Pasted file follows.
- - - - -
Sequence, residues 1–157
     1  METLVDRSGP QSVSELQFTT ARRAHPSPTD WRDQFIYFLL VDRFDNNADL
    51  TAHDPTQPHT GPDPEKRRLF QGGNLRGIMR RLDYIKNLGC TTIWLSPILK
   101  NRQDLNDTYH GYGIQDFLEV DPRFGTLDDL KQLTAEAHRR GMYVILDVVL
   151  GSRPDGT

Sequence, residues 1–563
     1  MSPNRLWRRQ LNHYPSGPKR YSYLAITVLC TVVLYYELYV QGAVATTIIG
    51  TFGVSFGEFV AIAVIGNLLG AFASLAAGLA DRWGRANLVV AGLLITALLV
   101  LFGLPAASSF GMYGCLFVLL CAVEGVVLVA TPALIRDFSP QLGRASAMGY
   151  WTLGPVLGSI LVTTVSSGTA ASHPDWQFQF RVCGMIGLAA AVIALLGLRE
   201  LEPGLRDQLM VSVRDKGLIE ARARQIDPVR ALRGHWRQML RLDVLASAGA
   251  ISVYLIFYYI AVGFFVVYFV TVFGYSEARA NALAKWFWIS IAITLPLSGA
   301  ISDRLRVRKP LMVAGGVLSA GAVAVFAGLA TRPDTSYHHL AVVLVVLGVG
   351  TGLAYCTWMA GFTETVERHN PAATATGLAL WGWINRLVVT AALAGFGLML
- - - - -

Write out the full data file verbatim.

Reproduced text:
Sequence, residues 1–157
     1  METLVDRSGP QSVSELQFTT ARRAHPSPTD WRDQFIYFLL VDRFDNNADL
    51  TAHDPTQPHT GPDPEKRRLF QGGNLRGIMR RLDYIKNLGC TTIWLSPILK
   101  NRQDLNDTYH GYGIQDFLEV DPRFGTLDDL KQLTAEAHRR GMYVILDVVL
   151  GSRPDGT

Sequence, residues 1–563
     1  MSPNRLWRRQ LNHYPSGPKR YSYLAITVLC TVVLYYELYV QGAVATTIIG
    51  TFGVSFGEFV AIAVIGNLLG AFASLAAGLA DRWGRANLVV AGLLITALLV
   101  LFGLPAASSF GMYGCLFVLL CAVEGVVLVA TPALIRDFSP QLGRASAMGY
   151  WTLGPVLGSI LVTTVSSGTA ASHPDWQFQF RVCGMIGLAA AVIALLGLRE
   201  LEPGLRDQLM VSVRDKGLIE ARARQIDPVR ALRGHWRQML RLDVLASAGA
   251  ISVYLIFYYI AVGFFVVYFV TVFGYSEARA NALAKWFWIS IAITLPLSGA
   301  ISDRLRVRKP LMVAGGVLSA GAVAVFAGLA TRPDTSYHHL AVVLVVLGVG
   351  TGLAYCTWMA GFTETVERHN PAATATGLAL WGWINRLVVT AALAGFGLML